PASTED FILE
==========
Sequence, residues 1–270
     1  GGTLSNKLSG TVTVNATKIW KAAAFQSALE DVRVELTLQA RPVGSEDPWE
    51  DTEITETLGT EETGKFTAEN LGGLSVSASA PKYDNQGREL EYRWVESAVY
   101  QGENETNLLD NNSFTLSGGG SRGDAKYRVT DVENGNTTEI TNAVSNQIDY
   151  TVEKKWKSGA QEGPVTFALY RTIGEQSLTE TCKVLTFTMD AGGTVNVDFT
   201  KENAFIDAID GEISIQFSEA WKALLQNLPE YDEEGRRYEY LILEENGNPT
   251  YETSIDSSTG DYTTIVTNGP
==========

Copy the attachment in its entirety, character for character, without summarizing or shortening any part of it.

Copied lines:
Sequence, residues 1–270
     1  GGTLSNKLSG TVTVNATKIW KAAAFQSALE DVRVELTLQA RPVGSEDPWE
    51  DTEITETLGT EETGKFTAEN LGGLSVSASA PKYDNQGREL EYRWVESAVY
   101  QGENETNLLD NNSFTLSGGG SRGDAKYRVT DVENGNTTEI TNAVSNQIDY
   151  TVEKKWKSGA QEGPVTFALY RTIGEQSLTE TCKVLTFTMD AGGTVNVDFT
   201  KENAFIDAID GEISIQFSEA WKALLQNLPE YDEEGRRYEY LILEENGNPT
   251  YETSIDSSTG DYTTIVTNGP